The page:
In my many years of experience with children, I have noticed that some children excel in times of difficulty and unsure events,whereas some children turn handicapped in the same situation and seem to go downhill with fear and anxiety. Why does this happen? The answer is pretty simple. Children who believe in themselves in handling problems are able to confidently face the trails that come their way. On the other hand children who have never had an experience of dealing with problems are unable to cope with unpleasant situations and break down easily.
The skill to be able to rise up in the midst of life’s challenges is called resilience. Resilience is a skill that needs to be taught to children and nurtured to build within them the ability to channelize the stress and anxiety they are confronted with in a positive way.
One of the ways we can build resilience in children is to take a step behind and give them the freedom to make mistakes, to try out new things, even if it means making a mess or leads to waste of time. As parents we automatically want to protect our children from the smallest obstacle that can make them unhappy and thus turn to become helicopter parents always above them to protect them. However, such parenting subconsciously makes the child feel incapable of handling any situation that causes them discomfort and limits their opportunities to try only those that give them success.
Another effective way of practising resilience is by not giving in to their every wish. This will teach them that they cannot get everything they want. It may cause frustration and an awkward situation in the present moment, but stay firm as this will help them to lead a happier and healthier life.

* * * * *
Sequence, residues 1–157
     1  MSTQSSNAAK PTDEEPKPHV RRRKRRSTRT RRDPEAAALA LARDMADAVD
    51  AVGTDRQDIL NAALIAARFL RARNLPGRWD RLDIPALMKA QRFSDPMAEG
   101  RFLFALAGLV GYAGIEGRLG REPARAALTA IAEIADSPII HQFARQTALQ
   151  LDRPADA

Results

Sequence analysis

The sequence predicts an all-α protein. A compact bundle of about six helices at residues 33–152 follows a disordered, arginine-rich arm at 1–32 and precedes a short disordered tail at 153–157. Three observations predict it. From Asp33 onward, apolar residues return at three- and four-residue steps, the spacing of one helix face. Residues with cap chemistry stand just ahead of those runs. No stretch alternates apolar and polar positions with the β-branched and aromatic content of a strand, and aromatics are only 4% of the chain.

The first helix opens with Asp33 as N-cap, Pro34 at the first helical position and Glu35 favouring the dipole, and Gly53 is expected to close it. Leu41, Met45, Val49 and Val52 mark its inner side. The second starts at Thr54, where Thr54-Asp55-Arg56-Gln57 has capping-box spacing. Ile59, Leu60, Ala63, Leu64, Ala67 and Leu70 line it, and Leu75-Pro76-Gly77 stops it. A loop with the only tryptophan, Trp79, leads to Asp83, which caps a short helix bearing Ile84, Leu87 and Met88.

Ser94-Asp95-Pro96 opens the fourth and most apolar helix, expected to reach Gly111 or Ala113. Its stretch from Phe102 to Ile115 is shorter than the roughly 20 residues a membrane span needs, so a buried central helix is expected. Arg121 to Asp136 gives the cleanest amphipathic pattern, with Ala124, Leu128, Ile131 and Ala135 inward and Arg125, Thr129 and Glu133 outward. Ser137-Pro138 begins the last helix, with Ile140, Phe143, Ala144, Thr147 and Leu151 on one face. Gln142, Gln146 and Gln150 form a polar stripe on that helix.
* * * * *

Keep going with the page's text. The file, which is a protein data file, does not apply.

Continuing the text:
Children need to believe in who they are and this belief needs to be nurtured in a loving and caring environment. For example Ben is not good at Math but his family are Math wizards. Ben needs to find his strength and not be put down because he is not like everyone else. He would need a supportive family who cares about him no matter what.
It is essential to teach children to be optimistic in all situations. For example, Sarah is not chosen as class leader. Sarah is definitely sad but her family motivates her by sharing life stories of people who were not chosen and how they stood tall in the midst of failure and never quit. She knows now that she can try again next time.
Finally help your child to believe that making mistakes are a stepping stone to success. Boosting their confidence will enable them to take risks without fear of failure.
Allow your child to soak themselves in the affirmations written below to build resilience: